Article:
Tomorrow night, the city of Ypsilanti, MI will be discussig the possibility of mandating spay/neuter for all "pit bulls" in the community. While most in animal welfare should be highly upset by the proposal, the area's largest animal welfare organization, the Humane Society of Huron Valley, is actually supporting the proposed law.
Last week, the Executive Director of HSHV wrote a lengthy editorial for the Ann Arbor newspaper about why they support the law requiring altering of 'pit bulls' in the community. And yes, I agree with their overall premise that spaying and neutering outreach is extremely important, and I do believe that HSHV has good intentions with their pushing of the law, the last paragraph of their article is actually really disturbing on a lot of levels. Here's what it says:
A Risk Worth Taking
Frankly, we have no crystal ball that tells us this ordinance will work for certain and we are not so arrogant as to believe we are absolutely right. We are, however, 100 percent certain that only big acts will solve this big problem and we applaud the Ypsilanti Township for its leadership. Every public policy is initally a gamble....
What is so disturbing about this is it appears as if the Ypsilanti community, and the HSHV, think they are on their own little island of animal welfare policy. Instead of going out and exploring what solutions to their problems others have tried and HAD SUCCESS with, they are going out and recreating policies that have actually FAILED in other places. There is no reason to recreate the wheel here. Most policies that you can think of in animal welfare have been tried before; some with great success, and others with great failure. Your city's situation is not unique.
By making decisions based on the SUCCESS of other communities, you can know with fair accuracy, that the policy will work for you. But making decisions based on policies that have failed elsewhere and hoping they will work out for you is either a) insanity or b) completely ignoring that it's been tried elsewhere.
And mandatory spay/neuter policies, whether for all breeds or breed-specific, have been failures everywhere.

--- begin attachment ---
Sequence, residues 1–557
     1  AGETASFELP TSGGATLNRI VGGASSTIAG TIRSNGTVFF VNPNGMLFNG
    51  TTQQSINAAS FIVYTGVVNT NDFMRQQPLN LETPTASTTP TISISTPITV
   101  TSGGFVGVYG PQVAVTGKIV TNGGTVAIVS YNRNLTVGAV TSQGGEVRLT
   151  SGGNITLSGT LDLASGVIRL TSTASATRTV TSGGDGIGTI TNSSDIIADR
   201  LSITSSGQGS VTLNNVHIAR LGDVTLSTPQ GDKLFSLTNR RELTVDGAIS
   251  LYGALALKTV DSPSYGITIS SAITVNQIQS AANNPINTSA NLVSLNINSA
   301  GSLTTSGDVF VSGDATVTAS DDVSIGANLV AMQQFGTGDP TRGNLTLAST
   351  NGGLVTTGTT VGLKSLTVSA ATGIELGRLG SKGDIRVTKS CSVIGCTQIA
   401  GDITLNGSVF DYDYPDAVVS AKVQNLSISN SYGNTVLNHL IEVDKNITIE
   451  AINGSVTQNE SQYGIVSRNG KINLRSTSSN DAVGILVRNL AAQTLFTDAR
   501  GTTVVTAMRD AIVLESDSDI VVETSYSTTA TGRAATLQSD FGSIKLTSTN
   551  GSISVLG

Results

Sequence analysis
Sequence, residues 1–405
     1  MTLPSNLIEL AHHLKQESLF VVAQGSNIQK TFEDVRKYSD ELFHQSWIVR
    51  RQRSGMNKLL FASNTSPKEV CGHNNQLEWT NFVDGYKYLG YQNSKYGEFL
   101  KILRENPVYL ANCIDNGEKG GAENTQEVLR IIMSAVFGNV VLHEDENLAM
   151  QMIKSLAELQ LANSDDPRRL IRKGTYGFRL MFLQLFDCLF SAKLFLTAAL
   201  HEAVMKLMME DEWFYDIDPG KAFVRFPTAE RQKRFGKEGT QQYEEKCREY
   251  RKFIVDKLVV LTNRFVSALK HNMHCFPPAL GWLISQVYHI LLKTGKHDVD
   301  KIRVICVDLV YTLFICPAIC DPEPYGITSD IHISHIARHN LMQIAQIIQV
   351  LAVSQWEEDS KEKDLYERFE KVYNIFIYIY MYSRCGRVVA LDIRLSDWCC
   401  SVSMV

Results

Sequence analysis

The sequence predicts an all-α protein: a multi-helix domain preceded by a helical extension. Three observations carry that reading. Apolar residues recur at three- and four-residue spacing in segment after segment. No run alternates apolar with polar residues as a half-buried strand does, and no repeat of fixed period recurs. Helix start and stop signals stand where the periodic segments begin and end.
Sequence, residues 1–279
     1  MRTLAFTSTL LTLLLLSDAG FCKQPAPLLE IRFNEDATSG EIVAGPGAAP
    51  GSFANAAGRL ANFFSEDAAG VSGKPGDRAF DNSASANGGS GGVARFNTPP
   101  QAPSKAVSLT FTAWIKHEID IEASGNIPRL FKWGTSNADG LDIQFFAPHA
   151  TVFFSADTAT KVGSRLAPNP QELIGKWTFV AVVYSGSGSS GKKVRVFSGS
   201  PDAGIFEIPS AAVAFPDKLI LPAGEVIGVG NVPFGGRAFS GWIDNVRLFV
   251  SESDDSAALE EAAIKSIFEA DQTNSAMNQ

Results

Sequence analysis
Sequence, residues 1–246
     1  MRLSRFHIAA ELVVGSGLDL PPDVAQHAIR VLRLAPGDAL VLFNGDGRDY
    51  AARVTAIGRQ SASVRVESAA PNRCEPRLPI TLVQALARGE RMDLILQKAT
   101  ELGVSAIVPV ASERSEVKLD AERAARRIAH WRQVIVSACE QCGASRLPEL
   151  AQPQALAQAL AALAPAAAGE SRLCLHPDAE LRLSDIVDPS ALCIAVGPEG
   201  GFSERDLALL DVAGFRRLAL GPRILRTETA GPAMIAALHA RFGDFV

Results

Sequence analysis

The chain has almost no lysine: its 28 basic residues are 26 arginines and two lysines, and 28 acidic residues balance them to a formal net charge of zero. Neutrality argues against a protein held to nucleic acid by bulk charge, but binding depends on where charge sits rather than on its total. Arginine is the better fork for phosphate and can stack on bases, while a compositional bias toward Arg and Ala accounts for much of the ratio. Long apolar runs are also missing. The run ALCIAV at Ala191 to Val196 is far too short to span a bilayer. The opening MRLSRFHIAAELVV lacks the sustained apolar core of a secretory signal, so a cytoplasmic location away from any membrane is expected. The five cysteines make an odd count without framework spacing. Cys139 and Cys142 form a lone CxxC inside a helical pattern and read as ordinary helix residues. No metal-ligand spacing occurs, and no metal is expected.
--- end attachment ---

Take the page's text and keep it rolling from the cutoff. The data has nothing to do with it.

For about the past decade, animal welfare advocates have been trying to get the word out to the general public about the importance of spaying and neutering their pets. With so many dogs and cats dying in shelters, the idea of getting pets altered so we can prevent unwanted litters is certainly appealing.
The educating about spay/neuter – along with a large number of low-cost spay/neuter programs around the country -- has really helped. While shelters in this country used to kill 40 million pets annually as recently as 1978, we have successfully reduced that number to around 4 million today. The success is great, but 4 million dead animals is still too many.
Out of desperation, many animal welfare advocates are looking to mandatory spay/neuter laws as the solution to end the killing. And rationally it makes sense. The logic is that if you can legislate spay/neuter, and force people to alter their pets, we can finally end the killing in our shelters.
It makes sense, logically. And six years ago I would have told you I supported mandatory sterilization laws. But I’ve since changed my stance – because unfortunately, mandatory spay/neuter laws do not have a positive effect in decreasing the number of animals killed in shelters. In fact, they tend to have the opposite effect.
In August of 2006, the city passed decided it need to pass an ordinance that mandated that all ‘pit bulls’ be spayed or neutered. In 2006, the city ended up killing 4,531 dogs – 1,353 (30%) of them were ‘pit bulls’.
In 2007, the city killed 4,601 dogs, 1,722 of them ‘pit bulls’.
So from 2005 (no MSN ordinance) to 2007, the number of ‘pit bulls’ killed in the shelter increased 76% -- including killing more than 1100 more ‘pit bulls’ in just 18 months of the ordinance being in effect. This is an amazing number given that the supporters of the ordinance pushed it through with the idea and promise that it would DECREASE shelter killing.
It didn’t. In fact, it did just the opposite. Meanwhile, through the work of the city’s low-cost VOLUNTARY spay/neuter programs, the city was able to reduce the killing of all non-pit bull breeds (who weren’t covered by the mandatory ordinance) by 5.5%.
In 2008, the number of dogs and 'pit bulls' dropped pretty dramatically, in large part due to a cut in animal control budget. However, the number of 'pit bulls' killed was still higher than it was in the base year of 2005.
These types of results are not unique to Kansas City.
In 2007, Little Rock, AR killed 2,540 dogs, 823 (32%) of them were ‘pit bulls’.
In May of 2008, Little Rock began enforcing its ordinance that mandated the spay/neuter of ‘pit bulls’. In 2008, the total number of dogs killed was 2.847, of which 1,188 were ‘pit bulls’. So again, while the total number of dogs killed in the shelter of non-targeted breeds dropped by 3%, the total number of ‘pit bulls’ – the targeted breed who they once again were promised they would limit the killing of – increased by 44% -- 350 total dogs.
So how’d this happen?
Studies show that the number one reason people don’t alter their animals is because they cannot afford to do so. This is why low cost sterilization programs are so important.